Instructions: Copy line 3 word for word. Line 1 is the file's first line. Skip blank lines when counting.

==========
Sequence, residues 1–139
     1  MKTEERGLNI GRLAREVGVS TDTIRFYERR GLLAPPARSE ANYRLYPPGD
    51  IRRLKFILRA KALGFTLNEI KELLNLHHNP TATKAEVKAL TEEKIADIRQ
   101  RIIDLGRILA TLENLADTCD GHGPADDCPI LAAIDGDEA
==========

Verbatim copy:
    51  IRRLKFILRA KALGFTLNEI KELLNLHHNP TATKAEVKAL TEEKIADIRQ